I have often thought back on those days. How many gay men were actually around, silently watching all of this, fearfully keeping their peace? I never bullied anyone for being gay. But that isn't because I wasn't bigoted, it's because I was an active agent in a world that made it dangerous to be yourself. The couple of kids who tried, who were bravely game, hung out with girls and were the subject of snickers. Those snickers were mine, too. And who knows what else they were subject to that I simply never witnessed?
The only thing that changed in my life was that, as an adult, I was forced to confront gay men on an equal plane. Sometimes it wasn't even equal. One of my most influential editors was gay. I was 21. He was a great editor. What values did I hold that would allow me to see him as weak? What right had I to be disgusted by anyone? I was kid who'd seen West Baltimore and little else. What did I know about anything?
Being confronted by actual humans is a dangerous business. It leaves you with questions, and things that you think are natural—homophobia for instance—you discover to be less natural than you presumed. I say this because I know it: You can be repulsed by gay sex one day, and then repulsed by the fact that you were ever so low as to be repulsed in the first place. You can discover that your repulsion is actually built on a series of unstated beliefs—what you think about the world, what you think about women, and ultimately, what you think about yourself.
It is to my shame and discredit to have to write this. This was supposed to be a rebuttal. It's turned (again) into rambling memoir. I wish I had been a better young man. I hope the next generation of young men are better. I hope that they are smart enough to never equate their learned hatreds with someone's very identity.
The Times looks into the latest "trend" in which young black boys try to knock a random person out with one punch. What they find is unsurprising:
And in New York City, police officials are struggling to determine whether they should advise the public to take precautions against the Knockout Game — or whether in fact it existed.
“We’re trying to determine whether or not this is a real phenomenon,” Police Commissioner Raymond W. Kelly said on Friday. “I mean, yes, something like this can happen. But we would like to have people come forward and give us any information they have.”
The Times looked into one of the more prominent incidents:
“This was just a random act of violence,” Police Commander Eric Holmes said in a televised interview last year. “He stated that he was just having a bad day that day.” The assailant saw Mr. Addlespurger, the commander said, “and decided this was a course of action he was going to take.”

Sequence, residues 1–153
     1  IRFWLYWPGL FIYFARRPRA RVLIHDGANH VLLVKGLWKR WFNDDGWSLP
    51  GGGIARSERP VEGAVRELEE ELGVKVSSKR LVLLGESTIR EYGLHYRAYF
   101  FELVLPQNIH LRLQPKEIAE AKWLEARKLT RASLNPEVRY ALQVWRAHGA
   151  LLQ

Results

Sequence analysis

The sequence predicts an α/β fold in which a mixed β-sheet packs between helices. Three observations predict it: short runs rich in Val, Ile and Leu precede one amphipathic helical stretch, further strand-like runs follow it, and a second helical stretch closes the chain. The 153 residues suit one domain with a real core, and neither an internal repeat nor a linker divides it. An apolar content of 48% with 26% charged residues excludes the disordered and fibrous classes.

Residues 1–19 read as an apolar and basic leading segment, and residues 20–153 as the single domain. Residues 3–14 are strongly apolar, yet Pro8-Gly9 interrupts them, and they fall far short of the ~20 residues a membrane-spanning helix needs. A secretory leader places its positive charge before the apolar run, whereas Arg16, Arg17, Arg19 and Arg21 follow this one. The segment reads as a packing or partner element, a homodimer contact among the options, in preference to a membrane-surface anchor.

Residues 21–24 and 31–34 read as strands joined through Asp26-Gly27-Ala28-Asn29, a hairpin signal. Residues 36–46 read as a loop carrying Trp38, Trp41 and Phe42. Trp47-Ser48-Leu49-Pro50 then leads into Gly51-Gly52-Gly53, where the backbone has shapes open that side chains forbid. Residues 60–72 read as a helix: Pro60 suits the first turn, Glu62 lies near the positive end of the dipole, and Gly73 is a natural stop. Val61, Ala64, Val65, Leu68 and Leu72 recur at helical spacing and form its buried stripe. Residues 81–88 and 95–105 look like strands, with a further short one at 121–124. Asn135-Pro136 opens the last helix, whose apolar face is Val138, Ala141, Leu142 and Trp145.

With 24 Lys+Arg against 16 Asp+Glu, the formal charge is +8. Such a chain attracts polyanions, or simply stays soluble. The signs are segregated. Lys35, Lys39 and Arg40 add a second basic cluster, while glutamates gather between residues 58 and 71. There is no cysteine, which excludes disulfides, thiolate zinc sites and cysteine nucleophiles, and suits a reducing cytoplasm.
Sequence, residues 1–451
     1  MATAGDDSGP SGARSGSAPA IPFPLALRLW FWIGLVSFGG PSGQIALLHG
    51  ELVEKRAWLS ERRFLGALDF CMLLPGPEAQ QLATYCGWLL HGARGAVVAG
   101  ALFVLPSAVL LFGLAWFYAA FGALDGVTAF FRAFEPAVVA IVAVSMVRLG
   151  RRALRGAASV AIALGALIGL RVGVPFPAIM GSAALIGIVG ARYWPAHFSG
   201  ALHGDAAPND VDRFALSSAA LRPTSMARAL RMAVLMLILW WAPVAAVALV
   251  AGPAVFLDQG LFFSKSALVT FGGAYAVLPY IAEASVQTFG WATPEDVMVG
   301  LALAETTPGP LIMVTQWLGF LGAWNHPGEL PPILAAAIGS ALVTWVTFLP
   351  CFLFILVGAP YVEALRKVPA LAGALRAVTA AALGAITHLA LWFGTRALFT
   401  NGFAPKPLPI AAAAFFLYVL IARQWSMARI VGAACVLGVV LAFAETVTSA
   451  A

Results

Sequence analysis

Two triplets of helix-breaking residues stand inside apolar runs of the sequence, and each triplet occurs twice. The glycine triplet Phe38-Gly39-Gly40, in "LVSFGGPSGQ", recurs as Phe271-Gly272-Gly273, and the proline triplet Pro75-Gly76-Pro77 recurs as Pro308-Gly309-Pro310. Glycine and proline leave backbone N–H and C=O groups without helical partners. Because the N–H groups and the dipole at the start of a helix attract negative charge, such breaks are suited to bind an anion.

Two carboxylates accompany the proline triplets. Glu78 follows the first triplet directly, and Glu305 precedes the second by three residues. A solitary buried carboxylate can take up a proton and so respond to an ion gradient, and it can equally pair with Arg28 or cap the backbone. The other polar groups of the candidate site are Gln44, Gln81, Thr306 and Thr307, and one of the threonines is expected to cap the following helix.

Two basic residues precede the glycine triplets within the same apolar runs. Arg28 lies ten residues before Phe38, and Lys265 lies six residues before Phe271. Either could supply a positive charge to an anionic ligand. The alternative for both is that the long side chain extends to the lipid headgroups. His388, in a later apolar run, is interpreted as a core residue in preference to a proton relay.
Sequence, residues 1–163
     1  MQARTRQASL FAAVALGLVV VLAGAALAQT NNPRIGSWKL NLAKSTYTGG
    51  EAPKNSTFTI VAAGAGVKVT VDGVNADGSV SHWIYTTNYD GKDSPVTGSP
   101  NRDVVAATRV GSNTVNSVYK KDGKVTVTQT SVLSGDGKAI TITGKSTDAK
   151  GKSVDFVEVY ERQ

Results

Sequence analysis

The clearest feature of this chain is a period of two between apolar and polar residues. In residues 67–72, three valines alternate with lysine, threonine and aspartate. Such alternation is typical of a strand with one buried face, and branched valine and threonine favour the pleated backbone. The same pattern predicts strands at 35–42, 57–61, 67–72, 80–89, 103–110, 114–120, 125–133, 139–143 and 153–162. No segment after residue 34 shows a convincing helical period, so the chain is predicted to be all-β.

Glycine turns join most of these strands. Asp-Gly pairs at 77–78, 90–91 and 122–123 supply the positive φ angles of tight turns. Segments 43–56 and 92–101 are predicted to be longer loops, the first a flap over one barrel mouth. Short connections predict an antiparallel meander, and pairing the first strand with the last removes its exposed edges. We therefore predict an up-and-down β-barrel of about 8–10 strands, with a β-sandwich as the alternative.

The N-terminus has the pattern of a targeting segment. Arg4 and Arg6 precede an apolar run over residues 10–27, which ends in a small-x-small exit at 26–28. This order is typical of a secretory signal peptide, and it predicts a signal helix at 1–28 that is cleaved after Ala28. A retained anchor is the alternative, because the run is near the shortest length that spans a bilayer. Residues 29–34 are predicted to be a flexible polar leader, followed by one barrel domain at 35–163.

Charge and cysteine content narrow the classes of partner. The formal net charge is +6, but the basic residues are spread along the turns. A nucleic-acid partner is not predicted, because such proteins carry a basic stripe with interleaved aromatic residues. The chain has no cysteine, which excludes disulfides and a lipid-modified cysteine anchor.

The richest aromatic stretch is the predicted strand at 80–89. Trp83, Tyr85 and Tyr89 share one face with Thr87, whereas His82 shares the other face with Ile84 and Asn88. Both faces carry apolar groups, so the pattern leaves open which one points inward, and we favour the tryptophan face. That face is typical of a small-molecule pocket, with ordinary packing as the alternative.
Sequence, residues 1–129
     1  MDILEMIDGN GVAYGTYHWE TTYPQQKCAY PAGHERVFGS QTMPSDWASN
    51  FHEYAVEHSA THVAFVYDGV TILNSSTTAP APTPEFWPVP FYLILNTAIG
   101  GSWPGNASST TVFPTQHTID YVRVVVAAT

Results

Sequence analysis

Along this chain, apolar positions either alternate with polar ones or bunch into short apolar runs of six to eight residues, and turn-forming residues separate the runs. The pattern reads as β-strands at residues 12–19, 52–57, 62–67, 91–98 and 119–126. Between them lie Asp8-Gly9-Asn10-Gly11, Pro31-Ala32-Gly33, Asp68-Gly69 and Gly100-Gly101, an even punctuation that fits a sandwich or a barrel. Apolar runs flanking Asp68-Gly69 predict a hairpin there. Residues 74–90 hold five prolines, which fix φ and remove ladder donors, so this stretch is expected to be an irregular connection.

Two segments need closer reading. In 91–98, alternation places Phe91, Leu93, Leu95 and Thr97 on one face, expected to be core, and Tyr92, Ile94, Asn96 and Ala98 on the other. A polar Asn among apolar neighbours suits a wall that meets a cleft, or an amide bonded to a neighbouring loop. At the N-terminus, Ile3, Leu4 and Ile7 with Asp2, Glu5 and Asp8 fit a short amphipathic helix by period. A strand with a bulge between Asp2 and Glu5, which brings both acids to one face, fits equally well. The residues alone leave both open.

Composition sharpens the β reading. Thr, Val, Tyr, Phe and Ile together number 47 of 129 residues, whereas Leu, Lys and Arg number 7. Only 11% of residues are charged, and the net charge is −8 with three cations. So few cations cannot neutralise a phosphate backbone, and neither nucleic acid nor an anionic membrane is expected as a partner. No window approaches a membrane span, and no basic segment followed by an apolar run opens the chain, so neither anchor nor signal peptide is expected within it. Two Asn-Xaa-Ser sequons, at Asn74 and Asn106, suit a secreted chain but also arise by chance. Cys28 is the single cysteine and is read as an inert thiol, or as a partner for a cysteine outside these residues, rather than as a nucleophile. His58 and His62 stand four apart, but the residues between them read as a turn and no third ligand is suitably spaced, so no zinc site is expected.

Telecasts have also shown teenagers in Jersey City, their faces blurred, describing knockouts, which they defined as anyone might; someone is struck and knocked out. But they did not report that it was a game.
Bob McHugh, a police spokesman in Jersey City, said there had not been a single reported knockout incident there.
“If there ever was an urban myth, this was it,” he said. Still community concerns spurred by the video prompted a member of the City Council there, Candice Osborne, to post on her Facebook page, “there have been NO reported instances of this type of assault.”
This is not like finding a dime-bag in someone's pocket, or even catching someone with a vial of crack. People who assault other people for amusement should be prosecuted. Understanding this, it's also worth pointing out that, in terms of long-term trends, we are in the midst of a historic dip
But since the days of slavery, into the days of super-predators, and now the time of the Knockout Game, there has always been a strong need to believe that hordes of young black men will overrun the country in a fit of raping and pillaging. It's how we justify ourselves. Information can't compete with national myth.
Via Andrew Sullivan, I see Eric Posner in Slatearguing that "centrists" should be in mourning over the filibuster. I think Posner's case to progressives, liberals, and lefties deserves particular attention:
To provide an extreme example, under a pure system of majority rule 51 percent of the population could pass a law that transferred the wealth of 49 percent of the population to the majority. If at the next election, the other side managed to win, it could expropriate the wealth back. The resulting instability, as different groups took turns expropriating each other’s wealth, would impoverish the country over time. If one group never took a turn winning, then the outcome would be inequitable as well as bad for the public at large. If all of this sounds too implausible to be of concern to you, then remember Jim Crow in the South, and the many decades disenfranchised African-Americans spent as electoral losers.